Underrated in America: Beets


My mom always loved beets, and, as a picky child, I disliked so many of her favorite dishes (yams with butter and tomato slices with mayonnaise spring to mind) that beets were only one more mystery of adulthood. Why? Would I, too, like beets one day? Impossible! I thought then and well into my twenties (after which I had turned onto tomatoes, mayonnaise, yams, and a raft of other foods the six-year-old me thought "yucky") that beets were just terrible.

I was not alone in my dislike of beets. 99.9% of people in the U.S. today have a loved one who hates beets. [Note: I made this statistic up. But it's true, I swear, my husband says they taste like mold and I'm a freakin' awesome chef.] Beets are probably the most-maligned vegetable out there. But as I have learned in my quest for local, seasonable deliciousness, beets are underrated for a number of reasons:

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  • Beets grow virtually year-round, so you can find them fresh in the middle of winter at your farmer's market.

  • Beets are pretty, cooked and sliced, and come in a variety of gorgeous colors so your salad looks like Chagall seen through a kaleidoscope.

  • Beets are easy to grow in the garden, so you can save major cash on your veggies.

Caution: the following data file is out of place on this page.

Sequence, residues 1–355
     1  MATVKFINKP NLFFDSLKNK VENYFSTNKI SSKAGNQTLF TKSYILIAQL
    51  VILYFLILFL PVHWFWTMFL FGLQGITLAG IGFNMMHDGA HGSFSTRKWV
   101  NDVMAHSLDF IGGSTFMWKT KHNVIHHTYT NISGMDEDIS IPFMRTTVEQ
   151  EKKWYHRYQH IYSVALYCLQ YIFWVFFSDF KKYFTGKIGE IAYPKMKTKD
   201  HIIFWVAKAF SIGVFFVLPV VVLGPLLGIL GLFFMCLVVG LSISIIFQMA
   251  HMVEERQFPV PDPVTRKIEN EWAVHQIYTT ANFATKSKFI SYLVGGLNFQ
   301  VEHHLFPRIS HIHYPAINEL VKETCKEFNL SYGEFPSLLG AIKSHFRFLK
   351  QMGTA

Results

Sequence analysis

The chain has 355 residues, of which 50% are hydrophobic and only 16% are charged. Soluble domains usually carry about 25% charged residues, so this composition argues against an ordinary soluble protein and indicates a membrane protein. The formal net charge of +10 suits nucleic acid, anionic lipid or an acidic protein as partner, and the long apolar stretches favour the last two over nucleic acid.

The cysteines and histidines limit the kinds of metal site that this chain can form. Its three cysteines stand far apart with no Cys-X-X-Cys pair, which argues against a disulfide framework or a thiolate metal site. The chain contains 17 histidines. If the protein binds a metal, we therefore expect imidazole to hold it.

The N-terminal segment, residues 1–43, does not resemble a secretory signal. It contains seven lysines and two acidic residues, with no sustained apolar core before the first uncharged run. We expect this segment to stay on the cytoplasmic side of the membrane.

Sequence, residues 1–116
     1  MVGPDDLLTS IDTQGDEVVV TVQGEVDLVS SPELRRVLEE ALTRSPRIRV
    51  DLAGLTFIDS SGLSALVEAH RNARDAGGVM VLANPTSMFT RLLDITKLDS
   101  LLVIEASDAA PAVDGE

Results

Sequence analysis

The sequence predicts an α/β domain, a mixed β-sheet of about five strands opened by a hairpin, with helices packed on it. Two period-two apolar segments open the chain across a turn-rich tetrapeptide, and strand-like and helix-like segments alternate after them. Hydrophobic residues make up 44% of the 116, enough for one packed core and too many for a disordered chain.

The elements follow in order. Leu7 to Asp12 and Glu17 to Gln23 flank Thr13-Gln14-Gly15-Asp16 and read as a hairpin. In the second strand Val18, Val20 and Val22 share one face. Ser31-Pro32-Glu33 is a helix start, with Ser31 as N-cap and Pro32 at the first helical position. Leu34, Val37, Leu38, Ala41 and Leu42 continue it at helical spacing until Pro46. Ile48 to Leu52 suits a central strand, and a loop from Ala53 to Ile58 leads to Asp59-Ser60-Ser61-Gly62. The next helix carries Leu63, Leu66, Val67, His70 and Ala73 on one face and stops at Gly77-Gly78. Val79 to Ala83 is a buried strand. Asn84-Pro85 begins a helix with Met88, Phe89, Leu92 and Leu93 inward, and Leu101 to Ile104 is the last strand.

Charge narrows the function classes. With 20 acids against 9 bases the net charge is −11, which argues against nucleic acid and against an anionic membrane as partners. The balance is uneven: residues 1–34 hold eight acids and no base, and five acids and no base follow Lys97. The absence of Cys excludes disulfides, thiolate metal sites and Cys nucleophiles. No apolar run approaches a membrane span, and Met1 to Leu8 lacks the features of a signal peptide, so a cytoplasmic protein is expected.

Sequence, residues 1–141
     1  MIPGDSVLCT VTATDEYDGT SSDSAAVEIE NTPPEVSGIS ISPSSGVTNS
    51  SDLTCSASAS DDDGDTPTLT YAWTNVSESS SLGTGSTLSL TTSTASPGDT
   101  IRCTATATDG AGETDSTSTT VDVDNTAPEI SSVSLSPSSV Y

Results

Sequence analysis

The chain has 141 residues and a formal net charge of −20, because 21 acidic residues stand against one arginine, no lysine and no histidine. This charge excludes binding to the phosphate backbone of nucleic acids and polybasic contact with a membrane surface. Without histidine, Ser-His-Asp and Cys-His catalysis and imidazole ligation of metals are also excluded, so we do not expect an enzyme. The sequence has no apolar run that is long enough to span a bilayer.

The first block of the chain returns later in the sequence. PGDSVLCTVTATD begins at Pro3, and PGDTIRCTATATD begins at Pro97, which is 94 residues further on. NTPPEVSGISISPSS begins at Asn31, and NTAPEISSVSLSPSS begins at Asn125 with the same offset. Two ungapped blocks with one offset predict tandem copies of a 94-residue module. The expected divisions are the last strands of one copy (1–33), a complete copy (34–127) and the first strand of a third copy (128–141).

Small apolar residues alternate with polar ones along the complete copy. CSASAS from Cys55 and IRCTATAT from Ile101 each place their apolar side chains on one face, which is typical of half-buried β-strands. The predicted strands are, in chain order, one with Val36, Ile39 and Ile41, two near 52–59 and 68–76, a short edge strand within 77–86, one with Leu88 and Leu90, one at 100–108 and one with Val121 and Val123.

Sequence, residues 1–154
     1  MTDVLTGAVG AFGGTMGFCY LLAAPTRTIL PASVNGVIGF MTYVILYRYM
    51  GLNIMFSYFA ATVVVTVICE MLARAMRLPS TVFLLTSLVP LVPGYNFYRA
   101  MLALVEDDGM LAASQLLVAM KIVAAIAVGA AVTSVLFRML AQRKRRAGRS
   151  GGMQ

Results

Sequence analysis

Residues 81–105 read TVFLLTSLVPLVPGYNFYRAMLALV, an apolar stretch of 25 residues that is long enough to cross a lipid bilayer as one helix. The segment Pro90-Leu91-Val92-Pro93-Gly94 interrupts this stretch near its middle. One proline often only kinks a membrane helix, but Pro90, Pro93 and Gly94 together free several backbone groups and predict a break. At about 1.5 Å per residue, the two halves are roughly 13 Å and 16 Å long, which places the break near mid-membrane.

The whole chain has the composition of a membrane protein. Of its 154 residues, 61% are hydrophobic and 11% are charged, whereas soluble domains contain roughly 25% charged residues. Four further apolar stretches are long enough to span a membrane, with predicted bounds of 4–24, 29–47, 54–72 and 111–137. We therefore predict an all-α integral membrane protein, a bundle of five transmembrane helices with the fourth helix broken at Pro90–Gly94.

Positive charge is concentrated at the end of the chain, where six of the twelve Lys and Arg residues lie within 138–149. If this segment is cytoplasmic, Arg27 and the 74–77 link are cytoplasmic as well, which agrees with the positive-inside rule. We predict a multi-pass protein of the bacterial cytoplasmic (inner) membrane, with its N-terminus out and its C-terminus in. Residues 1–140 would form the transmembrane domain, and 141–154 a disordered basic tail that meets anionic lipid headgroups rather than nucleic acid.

• Beets are really good for you.

  • Beets are a snap to cook (and no peeling!). Cut off the tops, stick 'em in a crock with a little water, put 'em in the oven and wait an hour. Slide the skins off, slice, eat.

  • Beets taste great with goat cheese. I love excuses to eat more goat cheese.

  • Beets are economical; you can eat the root and the greens.

  • Beets are an essential ingredient to borscht, which is delicious.

  • Beets are trendy!

Beets will always be hated by the vocal majority. But that's no reason you have to hate them, too. Just try to resist a plateful of reds, oranges, and golds, sprinkled with chevre, drizzled with olive oil and balsamic vinegar... I'll be eating beets while the rest of you are ordering tasteless salads with romaine trucked in from California and mealy, watery tomatoes shipped up from Chile, and I'll be smirking a bit.